Deep Leading: Corridor Questions for Principals

In the super-hectic life of school principals there is a tendency for on-the-run conversations to be superficial (“How’s it going?”) or task-oriented (“Don’t forget the meeting after school”).
Can you relate to these types of on the run conversations. Maybe they occur in the staffroom whilst eating your lunch.

How can you make this opportunity a valuable one?

Here are three questions to ask colleagues and students that go deeper and could further a expand CORRIDOR QUESTIONS FOR PRINCIPALS

In the super-hectic life of school principals there is a tendency for on-the-run conversations to be superficial (“How’s it going?”) or task-oriented (“Don’t forget the meeting after school”).
Can you relate to these types of on the run conversations. Maybe they occur in the staffroom whilst eating your lunch.

How can you make this opportunity a valuable one?

Here are three questions to ask colleagues and students that go deeper and could further a school’s overall mission:

“What are you reading?”
This question reinforces the idea that everyone is a reader and encompasses the overall literacy curriculum as it affects students and adults. Books are a school’s oxygen, and the more we read and share words, the healthier our school communities are. If reading is not yet a top priority in the school, this question can spark an important conversation and can lead to tangible next steps, like a staff book club or schoolwide reading time.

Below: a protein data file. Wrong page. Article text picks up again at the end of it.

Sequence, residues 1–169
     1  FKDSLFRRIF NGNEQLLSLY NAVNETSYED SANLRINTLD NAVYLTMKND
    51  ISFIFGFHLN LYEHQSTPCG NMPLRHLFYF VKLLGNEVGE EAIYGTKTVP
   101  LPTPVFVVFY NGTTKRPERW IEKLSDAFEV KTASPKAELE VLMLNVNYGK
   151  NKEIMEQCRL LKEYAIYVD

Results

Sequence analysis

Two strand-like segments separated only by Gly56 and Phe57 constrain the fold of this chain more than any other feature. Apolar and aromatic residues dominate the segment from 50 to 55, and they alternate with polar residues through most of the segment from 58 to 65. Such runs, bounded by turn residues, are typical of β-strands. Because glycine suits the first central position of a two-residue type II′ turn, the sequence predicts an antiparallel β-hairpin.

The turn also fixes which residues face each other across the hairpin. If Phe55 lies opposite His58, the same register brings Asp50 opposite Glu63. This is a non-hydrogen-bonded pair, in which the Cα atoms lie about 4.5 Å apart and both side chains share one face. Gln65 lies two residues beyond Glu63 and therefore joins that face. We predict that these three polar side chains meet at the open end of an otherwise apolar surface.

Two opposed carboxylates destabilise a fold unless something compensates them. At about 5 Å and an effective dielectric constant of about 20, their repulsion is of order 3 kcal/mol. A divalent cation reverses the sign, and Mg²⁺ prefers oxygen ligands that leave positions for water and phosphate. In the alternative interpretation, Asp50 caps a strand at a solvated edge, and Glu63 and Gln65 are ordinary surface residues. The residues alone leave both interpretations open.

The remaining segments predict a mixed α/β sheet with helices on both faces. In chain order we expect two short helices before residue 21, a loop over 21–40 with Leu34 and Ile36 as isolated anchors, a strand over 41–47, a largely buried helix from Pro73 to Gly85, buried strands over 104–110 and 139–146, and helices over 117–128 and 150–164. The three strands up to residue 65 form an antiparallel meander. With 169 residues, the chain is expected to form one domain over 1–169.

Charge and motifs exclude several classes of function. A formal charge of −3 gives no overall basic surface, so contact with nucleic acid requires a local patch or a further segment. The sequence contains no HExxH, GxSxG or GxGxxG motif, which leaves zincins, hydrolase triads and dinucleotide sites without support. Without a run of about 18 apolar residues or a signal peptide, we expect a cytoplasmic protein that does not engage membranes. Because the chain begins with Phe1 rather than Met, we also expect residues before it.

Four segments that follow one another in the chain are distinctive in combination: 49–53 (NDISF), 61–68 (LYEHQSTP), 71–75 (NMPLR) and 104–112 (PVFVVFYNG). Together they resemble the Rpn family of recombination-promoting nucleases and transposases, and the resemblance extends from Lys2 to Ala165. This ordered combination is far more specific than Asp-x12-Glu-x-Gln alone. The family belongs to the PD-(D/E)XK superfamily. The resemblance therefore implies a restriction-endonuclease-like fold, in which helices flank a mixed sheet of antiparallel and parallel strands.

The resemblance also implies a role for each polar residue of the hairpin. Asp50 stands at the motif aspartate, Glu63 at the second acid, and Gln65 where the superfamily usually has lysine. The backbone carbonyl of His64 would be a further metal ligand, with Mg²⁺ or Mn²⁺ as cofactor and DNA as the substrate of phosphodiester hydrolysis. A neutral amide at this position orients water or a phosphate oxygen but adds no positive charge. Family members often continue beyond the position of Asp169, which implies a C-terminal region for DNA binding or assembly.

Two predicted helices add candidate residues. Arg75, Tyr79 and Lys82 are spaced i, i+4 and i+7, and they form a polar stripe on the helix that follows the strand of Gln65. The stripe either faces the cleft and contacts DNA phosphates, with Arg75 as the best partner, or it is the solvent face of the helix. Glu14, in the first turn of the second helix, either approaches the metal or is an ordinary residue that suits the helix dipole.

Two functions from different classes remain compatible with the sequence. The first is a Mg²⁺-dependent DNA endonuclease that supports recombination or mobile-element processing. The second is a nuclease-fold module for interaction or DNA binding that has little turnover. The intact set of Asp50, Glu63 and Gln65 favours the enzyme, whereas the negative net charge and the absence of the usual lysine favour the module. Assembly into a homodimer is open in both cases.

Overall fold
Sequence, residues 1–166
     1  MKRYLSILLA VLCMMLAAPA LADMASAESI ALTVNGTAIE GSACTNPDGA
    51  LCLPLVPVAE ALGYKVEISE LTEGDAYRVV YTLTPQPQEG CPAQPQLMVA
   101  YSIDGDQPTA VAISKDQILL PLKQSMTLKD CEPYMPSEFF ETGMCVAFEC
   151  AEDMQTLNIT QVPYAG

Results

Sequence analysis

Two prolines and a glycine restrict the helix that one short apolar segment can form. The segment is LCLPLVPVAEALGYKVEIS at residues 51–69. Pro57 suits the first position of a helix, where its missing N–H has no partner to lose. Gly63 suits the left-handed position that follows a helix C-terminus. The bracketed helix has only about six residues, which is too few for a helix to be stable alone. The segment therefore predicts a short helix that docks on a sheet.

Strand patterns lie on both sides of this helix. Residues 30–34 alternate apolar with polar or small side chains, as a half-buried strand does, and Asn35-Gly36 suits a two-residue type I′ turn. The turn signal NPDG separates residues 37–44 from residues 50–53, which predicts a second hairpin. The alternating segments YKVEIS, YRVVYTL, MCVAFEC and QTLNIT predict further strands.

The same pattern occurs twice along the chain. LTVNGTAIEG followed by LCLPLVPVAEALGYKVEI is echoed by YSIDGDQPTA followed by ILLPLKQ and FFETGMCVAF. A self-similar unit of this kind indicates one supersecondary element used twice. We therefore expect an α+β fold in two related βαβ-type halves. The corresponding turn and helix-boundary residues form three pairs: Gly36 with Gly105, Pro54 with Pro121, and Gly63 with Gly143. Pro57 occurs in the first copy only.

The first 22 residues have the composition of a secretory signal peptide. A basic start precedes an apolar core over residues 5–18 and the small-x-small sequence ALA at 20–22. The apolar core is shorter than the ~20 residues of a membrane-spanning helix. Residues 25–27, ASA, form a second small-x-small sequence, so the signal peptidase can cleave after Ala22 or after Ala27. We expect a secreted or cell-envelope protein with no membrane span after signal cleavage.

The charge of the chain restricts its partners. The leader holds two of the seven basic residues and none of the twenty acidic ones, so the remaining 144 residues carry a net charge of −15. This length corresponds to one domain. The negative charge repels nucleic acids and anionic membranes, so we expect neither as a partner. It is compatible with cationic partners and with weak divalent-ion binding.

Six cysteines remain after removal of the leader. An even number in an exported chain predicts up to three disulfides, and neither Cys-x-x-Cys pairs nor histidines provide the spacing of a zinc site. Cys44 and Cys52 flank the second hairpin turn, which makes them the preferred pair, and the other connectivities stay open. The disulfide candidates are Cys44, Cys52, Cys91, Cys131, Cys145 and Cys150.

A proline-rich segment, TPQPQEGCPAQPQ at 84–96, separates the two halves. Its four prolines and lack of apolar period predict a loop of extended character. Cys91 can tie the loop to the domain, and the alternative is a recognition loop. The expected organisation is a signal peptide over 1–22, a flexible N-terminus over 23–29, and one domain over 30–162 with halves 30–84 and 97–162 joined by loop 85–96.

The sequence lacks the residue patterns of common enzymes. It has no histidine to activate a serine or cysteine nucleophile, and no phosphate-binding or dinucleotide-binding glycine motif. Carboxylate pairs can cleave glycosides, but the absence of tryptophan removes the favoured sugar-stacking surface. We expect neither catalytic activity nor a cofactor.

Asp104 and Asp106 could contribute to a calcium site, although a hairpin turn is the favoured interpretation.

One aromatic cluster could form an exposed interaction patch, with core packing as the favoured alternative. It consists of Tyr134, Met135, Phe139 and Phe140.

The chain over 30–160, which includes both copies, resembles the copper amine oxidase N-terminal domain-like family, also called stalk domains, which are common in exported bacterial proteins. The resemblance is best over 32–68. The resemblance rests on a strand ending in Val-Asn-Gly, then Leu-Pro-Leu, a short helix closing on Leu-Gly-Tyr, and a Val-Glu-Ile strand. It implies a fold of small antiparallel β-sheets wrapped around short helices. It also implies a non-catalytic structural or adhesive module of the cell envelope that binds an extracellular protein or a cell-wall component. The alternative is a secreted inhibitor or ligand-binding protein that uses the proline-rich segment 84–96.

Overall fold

“I’ve been thinking about… What do you think?”
This might involve querying a cafeteria worker about a way to improve the flow of students getting their lunch, or asking a teacher for input on a scheme to increase student movement in classrooms without losing instructional time. When leaders ask for input, help, or advice, they model openness and encourage staff members and students to feel part of a team effort.

“If you were me, what would you change?”
The goal of this open-ended question is to get staff and students to speak freely about what’s most important to them. You’ll learn a lot from this question so only ask it if and when you are truly ready to listen. collapse 

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